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Gentilucci M, Bernardis P (2007) Imitation during phoneme production. Neuropsychologia, 45(3):608-615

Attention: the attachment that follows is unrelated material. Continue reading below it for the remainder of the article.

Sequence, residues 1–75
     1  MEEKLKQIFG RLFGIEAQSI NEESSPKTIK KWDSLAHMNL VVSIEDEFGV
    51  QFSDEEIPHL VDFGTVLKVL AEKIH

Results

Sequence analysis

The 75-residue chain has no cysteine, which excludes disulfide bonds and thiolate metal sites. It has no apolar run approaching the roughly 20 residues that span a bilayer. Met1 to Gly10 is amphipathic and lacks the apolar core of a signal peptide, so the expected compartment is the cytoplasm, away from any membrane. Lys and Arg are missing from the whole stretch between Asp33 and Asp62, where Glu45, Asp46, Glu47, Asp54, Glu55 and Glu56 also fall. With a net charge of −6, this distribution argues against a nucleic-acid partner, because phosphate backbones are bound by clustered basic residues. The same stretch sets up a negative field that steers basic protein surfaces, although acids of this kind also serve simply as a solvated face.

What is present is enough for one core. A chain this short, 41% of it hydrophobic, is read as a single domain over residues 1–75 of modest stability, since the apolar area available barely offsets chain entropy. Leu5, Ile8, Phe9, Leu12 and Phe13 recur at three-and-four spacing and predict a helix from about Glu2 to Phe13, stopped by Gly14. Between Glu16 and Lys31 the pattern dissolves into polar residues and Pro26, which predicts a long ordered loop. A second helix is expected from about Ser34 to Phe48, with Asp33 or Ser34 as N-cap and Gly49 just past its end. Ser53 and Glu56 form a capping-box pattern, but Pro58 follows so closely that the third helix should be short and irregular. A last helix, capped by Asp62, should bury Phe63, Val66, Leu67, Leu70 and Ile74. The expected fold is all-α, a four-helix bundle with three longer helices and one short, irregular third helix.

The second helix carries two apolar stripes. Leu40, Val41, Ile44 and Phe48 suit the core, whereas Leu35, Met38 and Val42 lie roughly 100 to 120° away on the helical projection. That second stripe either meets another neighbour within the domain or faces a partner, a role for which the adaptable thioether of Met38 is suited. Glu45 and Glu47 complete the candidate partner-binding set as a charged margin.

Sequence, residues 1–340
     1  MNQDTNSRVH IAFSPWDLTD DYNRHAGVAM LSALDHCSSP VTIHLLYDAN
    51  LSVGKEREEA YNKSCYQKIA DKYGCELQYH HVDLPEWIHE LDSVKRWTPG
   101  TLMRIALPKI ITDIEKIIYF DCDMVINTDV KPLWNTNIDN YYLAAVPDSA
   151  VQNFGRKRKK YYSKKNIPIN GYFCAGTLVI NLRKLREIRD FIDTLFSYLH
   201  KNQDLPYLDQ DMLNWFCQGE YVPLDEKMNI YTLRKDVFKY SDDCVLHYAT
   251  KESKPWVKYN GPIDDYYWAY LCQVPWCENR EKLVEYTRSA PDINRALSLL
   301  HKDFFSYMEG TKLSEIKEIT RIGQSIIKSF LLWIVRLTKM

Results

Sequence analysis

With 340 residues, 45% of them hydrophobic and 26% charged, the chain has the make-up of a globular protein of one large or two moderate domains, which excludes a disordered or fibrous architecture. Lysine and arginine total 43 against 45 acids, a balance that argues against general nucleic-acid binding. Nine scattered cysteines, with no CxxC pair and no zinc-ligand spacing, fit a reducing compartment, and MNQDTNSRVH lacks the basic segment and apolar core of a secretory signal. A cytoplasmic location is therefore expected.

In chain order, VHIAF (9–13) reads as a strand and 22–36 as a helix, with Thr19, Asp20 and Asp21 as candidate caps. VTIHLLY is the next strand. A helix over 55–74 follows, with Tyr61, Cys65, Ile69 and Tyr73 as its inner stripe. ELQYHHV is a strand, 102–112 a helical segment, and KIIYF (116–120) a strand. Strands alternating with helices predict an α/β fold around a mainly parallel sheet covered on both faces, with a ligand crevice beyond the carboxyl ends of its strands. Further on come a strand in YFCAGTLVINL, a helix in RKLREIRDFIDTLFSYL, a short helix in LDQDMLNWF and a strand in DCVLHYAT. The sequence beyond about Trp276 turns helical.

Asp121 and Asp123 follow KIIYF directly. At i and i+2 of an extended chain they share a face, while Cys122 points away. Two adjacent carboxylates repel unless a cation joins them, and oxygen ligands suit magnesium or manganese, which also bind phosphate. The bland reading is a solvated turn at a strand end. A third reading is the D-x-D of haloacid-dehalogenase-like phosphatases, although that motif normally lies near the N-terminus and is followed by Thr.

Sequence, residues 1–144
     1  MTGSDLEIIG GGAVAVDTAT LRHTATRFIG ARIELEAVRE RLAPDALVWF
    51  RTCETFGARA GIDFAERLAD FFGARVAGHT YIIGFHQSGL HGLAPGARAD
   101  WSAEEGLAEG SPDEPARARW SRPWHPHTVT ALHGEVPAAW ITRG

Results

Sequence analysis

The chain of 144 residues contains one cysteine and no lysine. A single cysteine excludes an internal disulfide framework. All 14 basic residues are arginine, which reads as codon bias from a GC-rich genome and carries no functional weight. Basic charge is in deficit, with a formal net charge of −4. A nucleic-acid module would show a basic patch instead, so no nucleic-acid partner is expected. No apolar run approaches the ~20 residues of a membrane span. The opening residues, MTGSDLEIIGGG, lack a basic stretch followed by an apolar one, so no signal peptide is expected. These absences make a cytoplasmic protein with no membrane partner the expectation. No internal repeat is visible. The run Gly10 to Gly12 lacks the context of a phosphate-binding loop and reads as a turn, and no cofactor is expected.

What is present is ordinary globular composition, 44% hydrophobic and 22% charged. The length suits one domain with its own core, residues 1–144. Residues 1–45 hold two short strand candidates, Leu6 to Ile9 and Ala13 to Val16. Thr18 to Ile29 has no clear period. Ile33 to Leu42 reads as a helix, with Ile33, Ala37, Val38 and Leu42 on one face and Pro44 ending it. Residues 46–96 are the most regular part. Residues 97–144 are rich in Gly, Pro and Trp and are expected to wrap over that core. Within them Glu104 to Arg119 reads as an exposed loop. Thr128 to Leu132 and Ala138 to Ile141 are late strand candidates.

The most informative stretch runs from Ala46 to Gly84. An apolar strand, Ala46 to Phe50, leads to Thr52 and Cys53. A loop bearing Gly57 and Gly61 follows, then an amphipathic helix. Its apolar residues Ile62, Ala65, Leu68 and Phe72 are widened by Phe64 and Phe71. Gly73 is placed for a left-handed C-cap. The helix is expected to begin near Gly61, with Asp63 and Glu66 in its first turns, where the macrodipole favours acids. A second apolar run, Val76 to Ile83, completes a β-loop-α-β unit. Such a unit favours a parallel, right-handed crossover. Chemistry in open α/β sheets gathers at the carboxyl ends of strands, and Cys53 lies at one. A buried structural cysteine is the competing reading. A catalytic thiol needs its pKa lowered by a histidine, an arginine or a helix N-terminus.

Does listening to and observing the speaking interlocutor influence phoneme production? In two experiments female participants were required to recognize and, then, to repeat the string-of-phonemes /aba/ presented by actors visually, acoustically and audiovisually. In experiment 1 a male actor presented the string-of-phonemes and the participants’ lip kinematics and voice spectra were compared with those of a reading control condition. In experiment 2 female and male actors presented the string-of-phonemes and the lip kinematics and the voice spectra of the participants’ responses to the male actors were compared with those to the female actors (control condition). In both experiments 1 and 2, the lip kinematics in the visual presentations and the voice spectra in the acoustical presentations changed in the comparison with the control conditions approaching the male actors’ values, which were different from those of the female participants and actors. The variation in lip kinematics induced changes also in voice formants but only in the visual presentation. The data suggest that both features of the lip kinematics and of the voice spectra tend to be automatically imitated when repeating a string-of-phonemes presented by a visible and/or audible speaking interlocutor. The use of imitation, in place of the usual lip kinematics and vocal features, suggests an automatic and unconscious tendency of the perceiver to interact closely with the interlocutor. This is in accordance with the idea that resonant circuits are activated by the activity of the mirror system, which relates observation to execution of arm and mouth gestures